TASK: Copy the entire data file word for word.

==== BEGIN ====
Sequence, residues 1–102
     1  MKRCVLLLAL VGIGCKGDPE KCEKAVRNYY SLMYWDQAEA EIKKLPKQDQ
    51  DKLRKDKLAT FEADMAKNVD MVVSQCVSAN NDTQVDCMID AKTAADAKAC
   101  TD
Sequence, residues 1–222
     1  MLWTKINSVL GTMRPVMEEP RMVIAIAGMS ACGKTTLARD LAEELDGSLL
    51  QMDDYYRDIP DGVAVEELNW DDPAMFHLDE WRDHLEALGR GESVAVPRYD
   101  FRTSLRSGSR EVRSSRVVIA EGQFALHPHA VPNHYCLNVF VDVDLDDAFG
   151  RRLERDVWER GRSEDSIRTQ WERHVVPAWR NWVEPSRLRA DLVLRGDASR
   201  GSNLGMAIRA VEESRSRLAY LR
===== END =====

Sequence, residues 1–102
     1  MKRCVLLLAL VGIGCKGDPE KCEKAVRNYY SLMYWDQAEA EIKKLPKQDQ
    51  DKLRKDKLAT FEADMAKNVD MVVSQCVSAN NDTQVDCMID AKTAADAKAC
   101  TD
Sequence, residues 1–222
     1  MLWTKINSVL GTMRPVMEEP RMVIAIAGMS ACGKTTLARD LAEELDGSLL
    51  QMDDYYRDIP DGVAVEELNW DDPAMFHLDE WRDHLEALGR GESVAVPRYD
   101  FRTSLRSGSR EVRSSRVVIA EGQFALHPHA VPNHYCLNVF VDVDLDDAFG
   151  RRLERDVWER GRSEDSIRTQ WERHVVPAWR NWVEPSRLRA DLVLRGDASR
   201  GSNLGMAIRA VEESRSRLAY LR